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You Give Water, And Water Means Life

Field Report by Operation Blessing

Water means life in Honduras: ribbon cutting of new water system.

HONDURAS – Honduras is such a beautiful place. The heart of Central America. It has stunning beauty: green everywhere, lots of mountains, many rivers. But there are many issues too.

I find it striking when I learn there is no water in some of these places. Or there is water, but it’s not clean water. Or people don’t have access to water. Water is so important for us and for our bodies. It’s important for many aspects of life. But what happens to a family that doesn’t even have a faucet, or doesn’t have access to clean water? So, I want you to come with me, and let’s visit a family in a rural community and find out about their everyday life.

Man walking in Honduras.

“Hola. How are you?” I say, entering the small, roughly built home. Juan Carlos, the father of the family welcomes me inside. After greeting each other and introducing ourselves, I ask him, “What does water mean to you?”

“Water means life,” Juan says with his young son cuddling close to him. “Without water, one would not live. Because we use water for everything: drinking, cooking, and for the animals.”

Example of dirty water in Honduras.

I ask if he can show me where he gets water, and he leads me up a hill along a winding path. Then I ask what it’s like, going up and down all the time, and if he’s in charge of getting the water. But no. His pregnant wife and some of the children usually collect the water—carrying five-gallon buckets. It makes me wonder, how would I do this? As we approach a small trickle of a stream surrounded by decaying leaves, I say, “But now it’s dry, right?”

Juan Carlos answers, “Yes, it dries up in the summer.”

Hilda discusses how water means life with Juan Carlos and his children.

I look again at the water source. There’s not much. And you can see that due to this dirty water, the children will get sick. This small bit of water is not only for the family. They also have to share it with cows and horses. And, of course, everybody wants to drink because it’s very hot and dry.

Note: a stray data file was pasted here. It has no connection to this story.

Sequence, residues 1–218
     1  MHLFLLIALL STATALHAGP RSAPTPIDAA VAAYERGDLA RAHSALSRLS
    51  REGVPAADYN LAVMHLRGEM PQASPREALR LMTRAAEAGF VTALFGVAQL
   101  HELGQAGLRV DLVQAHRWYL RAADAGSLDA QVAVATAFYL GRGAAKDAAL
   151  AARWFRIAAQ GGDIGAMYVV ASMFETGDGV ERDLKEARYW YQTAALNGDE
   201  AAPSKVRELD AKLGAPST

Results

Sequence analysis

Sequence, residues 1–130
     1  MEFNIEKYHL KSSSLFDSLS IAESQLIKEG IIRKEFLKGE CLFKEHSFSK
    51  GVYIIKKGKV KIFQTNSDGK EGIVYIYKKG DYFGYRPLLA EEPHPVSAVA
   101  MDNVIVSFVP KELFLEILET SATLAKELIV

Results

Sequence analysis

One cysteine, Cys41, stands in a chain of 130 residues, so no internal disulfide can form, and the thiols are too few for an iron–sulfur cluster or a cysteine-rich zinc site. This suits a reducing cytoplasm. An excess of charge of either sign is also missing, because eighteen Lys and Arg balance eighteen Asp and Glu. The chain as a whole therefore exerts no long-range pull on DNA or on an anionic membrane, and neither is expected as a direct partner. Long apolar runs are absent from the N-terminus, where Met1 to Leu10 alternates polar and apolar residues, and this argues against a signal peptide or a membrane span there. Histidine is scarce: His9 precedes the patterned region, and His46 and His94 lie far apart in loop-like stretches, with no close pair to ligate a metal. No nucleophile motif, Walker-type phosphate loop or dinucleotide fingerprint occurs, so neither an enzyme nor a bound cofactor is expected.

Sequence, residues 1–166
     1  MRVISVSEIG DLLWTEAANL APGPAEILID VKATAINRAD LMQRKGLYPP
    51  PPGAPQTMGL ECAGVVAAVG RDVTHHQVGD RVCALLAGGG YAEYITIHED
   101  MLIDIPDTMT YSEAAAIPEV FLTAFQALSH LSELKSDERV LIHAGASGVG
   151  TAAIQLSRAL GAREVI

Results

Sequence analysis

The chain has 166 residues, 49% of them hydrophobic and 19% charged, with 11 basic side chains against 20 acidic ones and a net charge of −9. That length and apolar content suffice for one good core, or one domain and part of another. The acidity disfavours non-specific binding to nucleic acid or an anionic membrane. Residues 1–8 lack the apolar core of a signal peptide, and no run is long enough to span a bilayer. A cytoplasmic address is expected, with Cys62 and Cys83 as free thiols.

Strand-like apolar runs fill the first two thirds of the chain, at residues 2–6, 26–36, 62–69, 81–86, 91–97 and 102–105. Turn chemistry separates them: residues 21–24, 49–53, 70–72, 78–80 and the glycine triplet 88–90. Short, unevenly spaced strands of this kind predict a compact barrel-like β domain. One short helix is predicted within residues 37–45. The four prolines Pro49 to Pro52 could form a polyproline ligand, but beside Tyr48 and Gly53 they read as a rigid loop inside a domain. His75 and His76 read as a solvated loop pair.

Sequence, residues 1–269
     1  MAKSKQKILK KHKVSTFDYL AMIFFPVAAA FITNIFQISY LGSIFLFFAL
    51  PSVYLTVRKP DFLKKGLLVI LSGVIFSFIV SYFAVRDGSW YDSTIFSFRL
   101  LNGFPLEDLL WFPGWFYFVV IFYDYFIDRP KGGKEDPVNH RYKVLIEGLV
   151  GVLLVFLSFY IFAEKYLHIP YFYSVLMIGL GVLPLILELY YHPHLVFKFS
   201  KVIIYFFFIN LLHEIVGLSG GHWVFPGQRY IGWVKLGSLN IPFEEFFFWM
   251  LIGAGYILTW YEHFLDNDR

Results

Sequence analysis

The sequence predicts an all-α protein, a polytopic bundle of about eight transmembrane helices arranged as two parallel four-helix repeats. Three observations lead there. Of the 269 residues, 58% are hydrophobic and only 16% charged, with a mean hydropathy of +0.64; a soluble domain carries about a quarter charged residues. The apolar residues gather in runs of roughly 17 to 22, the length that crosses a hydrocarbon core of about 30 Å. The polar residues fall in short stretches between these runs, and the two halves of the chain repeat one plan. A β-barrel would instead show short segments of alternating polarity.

Juan Carlos explains that while one issue is the lack of water in the dry season, the other issue is that there’s so much water during the rainy season. A lot of sediment and trash washes down from other areas further upstream. So, they get plenty of water, but it’s still not clean.

A scene of jungle and a hut in rural Honduras.

As I walk back down the hill with Juan Carlos and his children, I imagine being a mother here. What if you saw a poisonous snake on the path? What if one of the children was bitten? It just makes you think, “Wow, what a great opportunity this is!”

When you see those beautiful children. When you see someone like Juan Carlos and you meet the women here. You see how desperate they are, and how much they want help. And Operation Blessing is here to help them. Because water means life.

Clean water in Honduras.

It makes me think of all the great support Operation Blessing receives from generous friends out there like you. And that allows us to come to these beautiful places, because there is beauty all around here. But also great need. We’re able to tell the people of Honduras, “Hey, we can assist you because we’re supported by people who have great hearts. They live far away, but they say, ‘I want to help families like yours.’”

So, I want to say to you, thank you for your generosity that makes this work possible and reaches out to give the hurting this precious liquid—clean water.

*A Field Report by Hilda Romero, OB Director of Honduras

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